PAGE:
The Master was Captain Nikolas Christodoulakis. I had more contact with him than all of the Captains on our other 15 cruises combined. All of the senior officers were visible throughout the cruise, often lined up at the foot of the ramp in port for a time after the ship docked.
The weather was perfect throughout the cruise, sunny with temperatures reaching the mid to upper 70's every day, even those in Hawaii. There were 8 - 10 foot swells several days, causing the ship to roll a little. There was very little wave action, with almost no white caps.
We had early seating (which they moved to 5:30, earlier than we would have liked) at a table for 10 (as requested) on the upper level of the dining room. We met some very nice people, all of whom ate there almost every night. We keep kosher, and thus eat only finned fish and vegetarian. They have a new vegetarian menu, in addition to the vegetarian selections on the main menu. (For details, see my post at
http://boards.cruisecritic.com/showthread.php?t=1748958.) We were very pleased with the food. It nearly always arrived at the right temperature (except occasionally the soup was too hot). The service was excellent.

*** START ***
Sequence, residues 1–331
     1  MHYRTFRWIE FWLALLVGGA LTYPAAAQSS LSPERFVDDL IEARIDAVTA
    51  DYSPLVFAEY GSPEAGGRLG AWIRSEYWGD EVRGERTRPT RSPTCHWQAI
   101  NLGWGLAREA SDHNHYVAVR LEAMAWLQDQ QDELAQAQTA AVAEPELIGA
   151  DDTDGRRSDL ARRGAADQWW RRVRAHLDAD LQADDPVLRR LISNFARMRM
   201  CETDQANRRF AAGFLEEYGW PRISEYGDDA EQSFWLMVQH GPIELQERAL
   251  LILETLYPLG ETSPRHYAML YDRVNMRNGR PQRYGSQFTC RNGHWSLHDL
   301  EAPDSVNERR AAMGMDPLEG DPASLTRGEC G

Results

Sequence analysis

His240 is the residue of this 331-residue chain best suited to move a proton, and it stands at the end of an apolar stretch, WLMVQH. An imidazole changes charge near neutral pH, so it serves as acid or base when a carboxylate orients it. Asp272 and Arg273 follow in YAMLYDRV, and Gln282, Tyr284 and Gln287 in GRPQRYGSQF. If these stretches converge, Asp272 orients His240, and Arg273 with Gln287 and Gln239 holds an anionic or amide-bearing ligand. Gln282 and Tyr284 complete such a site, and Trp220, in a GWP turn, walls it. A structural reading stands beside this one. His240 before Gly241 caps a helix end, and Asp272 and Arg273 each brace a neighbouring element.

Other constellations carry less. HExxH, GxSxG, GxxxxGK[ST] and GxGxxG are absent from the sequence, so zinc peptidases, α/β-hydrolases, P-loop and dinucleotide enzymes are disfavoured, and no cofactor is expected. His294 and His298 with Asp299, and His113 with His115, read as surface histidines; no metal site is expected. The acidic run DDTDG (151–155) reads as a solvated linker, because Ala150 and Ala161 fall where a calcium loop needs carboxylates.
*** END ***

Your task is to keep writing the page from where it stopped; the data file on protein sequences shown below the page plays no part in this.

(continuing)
We ate lunch most days in the main dining room. Service was excellent. Since we had 10 sea days, the MDR was open most of the time. We also had good things at Aqua Spa Cafe and at the sandwich bar on the pool deck. I ate most breakfasts in the Elite breakfast (fresh squeezed orange juice, cappuccino, bagel and nova). We had room service a couple of mornings before tours.
We had a large roll call (98). The Meet & Mingle was held on the second sea day on one side of the Rendezvous Lounge. The Captain, Cruise Director John Grantham, Hotel Director Jamie Petts and other senior officers all attended. We planned a sail away, a slot pull, a cabin crawl, a gift exchange, a photo scavenger hunt and a lunch was scheduled for us in a private section of the dining room on the last day. Our chief organizer was Connie (VegasCrossfire), with help form Celebrity Event Coordinator, Nelle Pasicolan. The group (Hula Birds - Hawaiian Thanksgiving motif) had t-shirts and buttons, thanks to Connie. A few days after the Meet & Mingle, the Captain asked me, "When is Cruise Critic going to tell me when I am leaving the ship?" At the final luncheon, he told us that he was leaving in Fort Lauderdale, after the next cruise (Panama Canal).